By Jared Chausow
By Katie Toth
By Elizabeth Flock
By Albert Samaha
By Anna Merlan
By Jon Campbell
By Jon Campbell
By Albert Samaha
The drama unfolds as it has several times before. According to Lily, the cop escorts her into an alley, pretends to arrest her, cuffs her hands behind her back, and then offers her freedom in exchange for a blowjob. Lily's been run through the system too many times and knows to submit to the authority figure's will. Clearly, it's the easier way out especially since she admits to rather fancying the policeman.
But this night, Officer Role Play is about to pull a fast one. After he gets what he wants, he breaks the bad news. "Honey, I have to take you in tonight."
Lily flips. "Oh, no, you don't. I'll tell every cop at the precinct what you've been doing with me."
"Go right ahead," the officer replies smugly. "It's a cop's word versus a hooker's. Who do you think they'll believe?" Lily contemplates her predicament, then continues hurling insults at the cop. Eventually she prevails. Lily and the officer have developed a relationship of sorts over time. His compulsive need to interact with her sexually is much stronger than his sense of duty to the department and the community. He sets her free.
And so it sometimes goes in nightly encounters between police and prostitutes. Rarely is the picture completely black or white or by-the-book. Hormones and attitudes rage. Greed rears its ugly head. And the results are not always within the guidelines of the law. Last week, two cops from the Midtown South precinct were indicted on charges of receiving cash and free services in exchange for protecting a 39th Street "fast house." More indictments are expected shortly.
As a writer who freelances for several sex publications, I've visited most of the whorehouses in New York and I've seen, firsthand, what goes on. Almost all of these places are weapon- and drug-free and conduct business with clients who are more than willing and anxious to exchange cash for sexual favors.
One evening I'm seated with five prostitutes at a kitchen table, shooting the breeze about the cat-and-mouse game the women play with the vice squad. The mayor is about law and order, the conversation goes, and he, even more than his predecessors, has no intention of tolerating the existence of brothels within his jurisdiction.
Suddenly, there's a jarring series of knocks from the hall door, an entrance that no trick is supposed to know about.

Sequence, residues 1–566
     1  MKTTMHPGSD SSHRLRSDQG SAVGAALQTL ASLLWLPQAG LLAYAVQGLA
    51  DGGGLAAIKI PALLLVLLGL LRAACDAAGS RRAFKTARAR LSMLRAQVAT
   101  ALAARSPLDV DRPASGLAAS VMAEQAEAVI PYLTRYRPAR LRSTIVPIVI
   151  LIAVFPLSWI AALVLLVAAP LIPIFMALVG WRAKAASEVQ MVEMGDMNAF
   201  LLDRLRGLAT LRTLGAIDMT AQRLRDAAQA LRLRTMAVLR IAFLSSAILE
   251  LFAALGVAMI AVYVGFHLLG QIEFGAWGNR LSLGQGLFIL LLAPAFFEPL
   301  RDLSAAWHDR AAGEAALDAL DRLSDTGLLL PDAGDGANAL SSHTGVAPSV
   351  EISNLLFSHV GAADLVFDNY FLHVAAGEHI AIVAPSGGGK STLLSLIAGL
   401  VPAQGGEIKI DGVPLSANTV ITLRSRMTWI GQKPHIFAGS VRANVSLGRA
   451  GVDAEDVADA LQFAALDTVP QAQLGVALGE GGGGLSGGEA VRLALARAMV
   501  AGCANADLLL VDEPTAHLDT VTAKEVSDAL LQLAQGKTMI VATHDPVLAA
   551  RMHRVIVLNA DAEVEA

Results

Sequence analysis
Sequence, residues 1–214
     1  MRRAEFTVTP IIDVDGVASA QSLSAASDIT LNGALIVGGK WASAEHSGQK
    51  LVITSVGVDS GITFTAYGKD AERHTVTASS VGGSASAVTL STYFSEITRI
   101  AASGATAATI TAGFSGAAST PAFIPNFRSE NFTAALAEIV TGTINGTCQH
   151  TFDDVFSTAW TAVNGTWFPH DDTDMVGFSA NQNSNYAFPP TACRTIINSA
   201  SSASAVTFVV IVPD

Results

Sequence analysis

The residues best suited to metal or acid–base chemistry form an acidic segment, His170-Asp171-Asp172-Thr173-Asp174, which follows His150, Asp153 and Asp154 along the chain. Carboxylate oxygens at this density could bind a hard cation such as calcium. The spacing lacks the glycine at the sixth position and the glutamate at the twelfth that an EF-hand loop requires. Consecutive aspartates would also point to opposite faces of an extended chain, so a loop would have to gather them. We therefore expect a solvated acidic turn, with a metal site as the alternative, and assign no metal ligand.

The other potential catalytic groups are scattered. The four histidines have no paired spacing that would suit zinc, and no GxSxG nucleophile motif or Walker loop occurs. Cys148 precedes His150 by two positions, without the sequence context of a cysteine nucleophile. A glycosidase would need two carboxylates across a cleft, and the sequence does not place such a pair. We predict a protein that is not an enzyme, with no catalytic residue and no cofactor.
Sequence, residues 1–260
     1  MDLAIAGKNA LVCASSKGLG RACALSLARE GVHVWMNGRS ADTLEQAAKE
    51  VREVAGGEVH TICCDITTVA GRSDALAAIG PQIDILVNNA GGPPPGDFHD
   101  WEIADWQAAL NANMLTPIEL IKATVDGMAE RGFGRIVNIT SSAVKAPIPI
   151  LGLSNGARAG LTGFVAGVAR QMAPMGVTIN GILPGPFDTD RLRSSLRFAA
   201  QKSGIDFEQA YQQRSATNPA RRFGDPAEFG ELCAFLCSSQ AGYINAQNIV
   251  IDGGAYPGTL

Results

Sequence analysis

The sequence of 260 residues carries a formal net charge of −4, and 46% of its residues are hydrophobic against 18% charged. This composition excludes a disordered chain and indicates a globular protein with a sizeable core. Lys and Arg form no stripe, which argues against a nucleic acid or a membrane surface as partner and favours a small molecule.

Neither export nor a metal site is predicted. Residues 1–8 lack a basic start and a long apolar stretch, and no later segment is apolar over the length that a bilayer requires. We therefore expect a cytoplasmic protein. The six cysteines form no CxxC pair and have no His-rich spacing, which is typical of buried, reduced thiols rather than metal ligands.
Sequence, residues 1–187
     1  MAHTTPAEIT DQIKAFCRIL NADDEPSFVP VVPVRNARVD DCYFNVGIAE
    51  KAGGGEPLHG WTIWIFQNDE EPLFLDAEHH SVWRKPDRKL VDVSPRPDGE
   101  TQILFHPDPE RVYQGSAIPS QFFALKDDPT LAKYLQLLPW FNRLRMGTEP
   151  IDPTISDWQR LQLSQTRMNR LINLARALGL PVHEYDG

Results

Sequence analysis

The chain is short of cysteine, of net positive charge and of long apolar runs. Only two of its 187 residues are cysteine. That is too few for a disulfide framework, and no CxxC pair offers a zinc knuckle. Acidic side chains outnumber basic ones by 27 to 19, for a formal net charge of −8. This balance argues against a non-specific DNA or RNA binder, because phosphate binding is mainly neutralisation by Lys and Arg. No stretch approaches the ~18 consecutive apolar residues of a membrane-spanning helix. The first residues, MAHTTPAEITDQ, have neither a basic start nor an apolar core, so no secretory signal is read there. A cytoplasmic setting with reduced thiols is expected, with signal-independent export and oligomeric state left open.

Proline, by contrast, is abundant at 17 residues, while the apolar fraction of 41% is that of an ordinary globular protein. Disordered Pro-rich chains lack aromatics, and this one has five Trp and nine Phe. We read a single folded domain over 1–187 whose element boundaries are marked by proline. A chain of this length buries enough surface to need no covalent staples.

"Who is it?" demands the "phone girl," a post-op transsexual, whose job it is to schmooze prospective clients into paying a visit. The response is simply another assault on the hallway door. And then the words fill the air.
"Police! Open up!" The phone girl unlocks and opens the door calmly, hoping to keep a cap on the pandemonium that she knows is about to ensue. Six vice cops, armed not only with undrawn pistols but with a battering ram, sledgehammer, and crowbar, storm into the apartment. Chaos reigns. Some of the women look confused and scared. The cops shout at everyone present "Who's the boss?" "Everybody stay calm!" "Get out of the bathroom!" and in the surrealistic stream of events, I find myself pinned against a wall, assuming the position, being frisked by a cop from head to toe.
In this instance, the officers aren't looking for sex. It's cash they're after and they're not subtle about it. "Girls! Where's the money?" the lead cop demands as he peers into open pocketbooks, fingering and widening the openings in an attempt to reach his goal. The interrogation continues with the officer getting more and more agitated as he realizes he may come away empty-handed. Apparently, the cop has met his match when he begins questioning a veteran (with 46 priors) who knows the score. She knows that if he finds the house money, it might be confiscated and gone forever. And she'll lie and deny her butt off. Anything to keep her money.
According to Francis Karam, a former Bronx assistant D.A. who now frequently represents sex workers in court, vice-squad procedure for brothel busts dictates that cops provide vouchers for all impounded property. But Karam says that while police complete vouchers for money and property taken, they almost never submit receipts to the women, which would allow them to recoup their property if the case is dismissed, or attempt to hold the vice squad accountable for exactly how much money has been taken.
And Karam says that even when vouchering is done properly, "the police department then forces the claimants to wade through a sea of bureaucracy too formidable for most people to navigate. Hence, with legal fees taken into consideration, it isn't even worth a defendant's while to pursue the matter unless she has lost literally thousands of dollars' worth of currency and property." Regardless of the disposition of the case, it is only rarely that the arrested parties receive their impounded property, judging from the responses of roughly 50 prostitutes questioned. (Only one, a downtown madam named Emerald, said the vice squad vouchered everything from telephones to money and returned everything intact after her case was dismissed.)